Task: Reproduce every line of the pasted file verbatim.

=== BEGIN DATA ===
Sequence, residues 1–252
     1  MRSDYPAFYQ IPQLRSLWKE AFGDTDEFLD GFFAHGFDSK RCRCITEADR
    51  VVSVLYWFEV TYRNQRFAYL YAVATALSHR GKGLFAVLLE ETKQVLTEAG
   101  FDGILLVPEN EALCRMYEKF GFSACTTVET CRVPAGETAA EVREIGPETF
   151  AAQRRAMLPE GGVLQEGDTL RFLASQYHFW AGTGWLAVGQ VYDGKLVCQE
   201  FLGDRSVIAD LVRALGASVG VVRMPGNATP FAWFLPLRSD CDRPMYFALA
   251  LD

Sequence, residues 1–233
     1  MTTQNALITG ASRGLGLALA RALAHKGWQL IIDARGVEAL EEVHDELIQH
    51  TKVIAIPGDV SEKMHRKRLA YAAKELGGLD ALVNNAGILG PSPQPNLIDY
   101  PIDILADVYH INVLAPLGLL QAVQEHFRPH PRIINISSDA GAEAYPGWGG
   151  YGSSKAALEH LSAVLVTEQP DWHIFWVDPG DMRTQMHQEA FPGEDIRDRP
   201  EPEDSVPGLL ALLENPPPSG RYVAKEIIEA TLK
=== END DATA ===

Sequence, residues 1–252
     1  MRSDYPAFYQ IPQLRSLWKE AFGDTDEFLD GFFAHGFDSK RCRCITEADR
    51  VVSVLYWFEV TYRNQRFAYL YAVATALSHR GKGLFAVLLE ETKQVLTEAG
   101  FDGILLVPEN EALCRMYEKF GFSACTTVET CRVPAGETAA EVREIGPETF
   151  AAQRRAMLPE GGVLQEGDTL RFLASQYHFW AGTGWLAVGQ VYDGKLVCQE
   201  FLGDRSVIAD LVRALGASVG VVRMPGNATP FAWFLPLRSD CDRPMYFALA
   251  LD

Sequence, residues 1–233
     1  MTTQNALITG ASRGLGLALA RALAHKGWQL IIDARGVEAL EEVHDELIQH
    51  TKVIAIPGDV SEKMHRKRLA YAAKELGGLD ALVNNAGILG PSPQPNLIDY
   101  PIDILADVYH INVLAPLGLL QAVQEHFRPH PRIINISSDA GAEAYPGWGG
   151  YGSSKAALEH LSAVLVTEQP DWHIFWVDPG DMRTQMHQEA FPGEDIRDRP
   201  EPEDSVPGLL ALLENPPPSG RYVAKEIIEA TLK